Because Martin & Anne involves two storylines in distinct locations an ocean apart, the illustrations play an important role in bringing a sense of unity to the whole. Nayberg’s soft, earth-toned, stylized art works well to convey the worlds of both of these historical figures. Her inclusion of a brighter palette towards the end of the book left me feeling hopeful that King’s and Frank’s legacies will endure.

A Note about Craft:

Although children’s biographies of both King and Frank exist, Churnin brings new life to their legacies by showing the parallels in their lives. For those of us writing picture book biographies, this illustrates that finding a fresh way into a story, even if that way involves combining two biographies into one book, enables authors to explore even well-known figures and contribute to our understanding of them.

Visit Churnin’s website to read more about the inspiration behind Martin & Anne and see her other works.

Visit Nayberg’s website to see more of her artwork.

This Perfect Picture Book entry is being added to Susanna Hill’s Perfect Picture Book list. Check out the other great picture books featured there!

25 responses to “PPBF – Martin & Anne: The Kindred Spirits of Dr. Martin Luther King, Jr. and Anne Frank

  1. The cover is beautiful. Such an interesting way to study two separate/similar lives.

  2. I’ve had the good fortune to already read this book and I love everything about it. The juxtaposition of two amazing souls, each with the message of hope and love is truly a work of art. And speaking of art, I am a huge fan of the illustrator! My only complaint is that it wasn’t written sooner so that I could have used it with my former students.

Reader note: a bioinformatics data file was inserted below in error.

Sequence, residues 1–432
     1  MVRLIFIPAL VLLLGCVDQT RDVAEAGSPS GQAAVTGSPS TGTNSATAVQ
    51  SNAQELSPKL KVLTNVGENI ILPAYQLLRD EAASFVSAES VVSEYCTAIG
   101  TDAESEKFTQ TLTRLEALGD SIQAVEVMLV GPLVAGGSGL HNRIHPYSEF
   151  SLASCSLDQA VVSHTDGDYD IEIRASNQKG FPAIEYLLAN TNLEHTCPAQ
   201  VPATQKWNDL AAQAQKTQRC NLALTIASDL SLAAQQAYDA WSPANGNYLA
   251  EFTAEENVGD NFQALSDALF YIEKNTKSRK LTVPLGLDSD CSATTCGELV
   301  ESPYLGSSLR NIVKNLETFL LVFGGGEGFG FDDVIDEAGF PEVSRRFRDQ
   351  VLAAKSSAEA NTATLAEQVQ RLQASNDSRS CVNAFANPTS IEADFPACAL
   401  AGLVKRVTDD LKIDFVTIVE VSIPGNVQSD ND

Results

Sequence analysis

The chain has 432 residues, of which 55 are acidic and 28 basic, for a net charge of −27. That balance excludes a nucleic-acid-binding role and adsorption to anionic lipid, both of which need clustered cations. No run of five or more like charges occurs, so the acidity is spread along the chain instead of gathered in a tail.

3. I do think this is a brilliant pairing. I’ve got mine on hold…..

  4. You have your natural pairing in one book this week. I never thought about these two important historic figures, but it does make a lot of sense! I want to read this one! Thanks for recommending. Also like Nancy Churnin’s work.

    • I’ve taken tons of history courses & would never have thought to pair these. But having read this book, I don’t know why no one has written about both of them together before.

  5. Very interesting. I’m super curious to read this now!

  6. I’ve looking forward to reading this one and appreciate your great review of it. I love Nancy’s focus on hope, kindness, and love in the face of some pretty bad nastiness.

    • It amazes me that a picture book about two such well-known historical figures could impart greater understanding of their lives & legacies. I hope you’re able to find a copy soon.

  7. Wow! What an amazing find! I’m definitely looking for this one.

  8. What a lovely opening! Can’t wait to read this. Congrats, Nancy!!

  9. Sue Heavenrich

    How cool to discover two amazing people born half-a-world away… and both have made a lasting impact on us. I can’t wait to read this book!

  10. Sue Heavenrich

    How cool to discover two amazing people born half-a-world away… and both have made a lasting impact on us. I can’t wait to read this book!

  11. Wow! I will be on the look out for this new title. Looks amazing!

  12. This one ALREADY has me fascinated. Requested it from the library – and will likely recommend it to teacher friends once I read it. Great find!

  13. I just got this book and read it. It’s wonderful! A most inspired pairing.

  14. Pingback: PPBF – Irving Berlin: The Immigrant Boy Who Made America Sing | Wander, Ponder, Write